It should be borne in mind that the funding reductions described above are not expected to be temporary or one year measures. The annual grants budget of $16 million is based on what the Law Foundation believes to be a sustainable funding level, taking into account both periods of low income and high income. The Board has no desire to engage in such a significant budget cutting process again in the near future, so it has worked hard to achieve a level of funding that will hopefully provide stability to grantees for some time to come.

Specifics of grants made in 2013 are set out in the list of “Grants Approved” on the Law Foundation website.

Given the cyclical nature of interest rate income, the Board has pursued a strategy of accumulating any income in excess of the grants and administration expenses in a Grant Stabilization Fund, with the expectation of drawing down the Fund during lower income years. For each of the last six years, the Law Foundation has drawn down the Fund to meet the shortfall between our income and our annual grants budget. Over the past 5 years the Fund has been reduced from $42 million to $27.8 million. The drawdown on the Fund for 2013 was approximately $4 million.

In 2014, the Board is prepared to use the Fund in order to continue to support the important work done by our grantees. The Law Foundation anticipates that, even with a reduced grants budget of $16 million, it may be required to draw down the Fund by up to $5 million. This is primarily due to ongoing low interest rates, which are expected to remain low throughout 2014. Even when interest rates do begin to rise, an increase of close to 0.5% in the prime rate would be required in order for the Law Foundation to “break even” at its new, reduced funding level. As well, any economic slowdown in British Columbia could result in declining trust balances, which would also adversely affect the income of the Law Foundation. Even when revenue increases, an immediate priority for the Law Foundation will likely be the replenishment of the Grant Stabilization Fund.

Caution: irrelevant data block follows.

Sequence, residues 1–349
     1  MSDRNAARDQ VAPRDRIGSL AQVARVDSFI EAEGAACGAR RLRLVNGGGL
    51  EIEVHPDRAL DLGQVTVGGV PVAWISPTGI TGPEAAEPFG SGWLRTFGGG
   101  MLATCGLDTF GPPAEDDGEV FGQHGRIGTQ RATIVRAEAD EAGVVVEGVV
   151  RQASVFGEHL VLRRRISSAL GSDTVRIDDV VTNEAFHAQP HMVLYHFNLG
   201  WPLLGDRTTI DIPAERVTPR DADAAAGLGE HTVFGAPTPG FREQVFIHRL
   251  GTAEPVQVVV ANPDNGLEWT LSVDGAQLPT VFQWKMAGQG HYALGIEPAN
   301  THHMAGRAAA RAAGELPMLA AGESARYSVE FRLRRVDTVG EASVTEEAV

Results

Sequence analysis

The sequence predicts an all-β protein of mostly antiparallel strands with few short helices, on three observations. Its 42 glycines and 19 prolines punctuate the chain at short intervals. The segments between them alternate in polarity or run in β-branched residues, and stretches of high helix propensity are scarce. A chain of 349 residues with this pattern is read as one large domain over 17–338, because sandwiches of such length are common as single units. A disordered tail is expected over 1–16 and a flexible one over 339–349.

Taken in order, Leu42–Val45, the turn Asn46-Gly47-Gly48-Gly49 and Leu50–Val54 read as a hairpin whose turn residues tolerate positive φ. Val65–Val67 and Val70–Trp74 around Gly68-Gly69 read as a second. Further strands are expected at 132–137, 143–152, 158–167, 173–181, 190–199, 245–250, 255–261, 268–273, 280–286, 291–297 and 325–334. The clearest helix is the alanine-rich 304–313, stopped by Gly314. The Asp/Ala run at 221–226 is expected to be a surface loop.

While it is difficult to predict the future, particularly when dealing with interest rates, based on current economic predictions the Law Foundation does not expect to reduce its grants budget below $16 million in 2015. Law Foundation governors and staff will continue to work hard to ensure that the Law Foundation is receiving the income it should, at the best rate of return possible. Other ongoing work will look into possible new income sources. The Foundation will also foster collaborative work among grantees to make the best use of resources.

In 2013, the Law Foundation funded programs that:

  • provided advocacy services to over 89,000 people,
  • completed over 100 test cases or regulatory hearings,
  • contributed to training almost 1,000 law students,
  • produced over 126,000 copies of legal education resources,
  • did significant law reform and research work, and
  • supported law libraries and PLEI collections throughout BC.

The Foundation appreciates the work of all grantees this year to help Law Foundation governors and staff to make informed decisions about funding and to make the best use of limited resources to support access to justice for the people of British Columbia.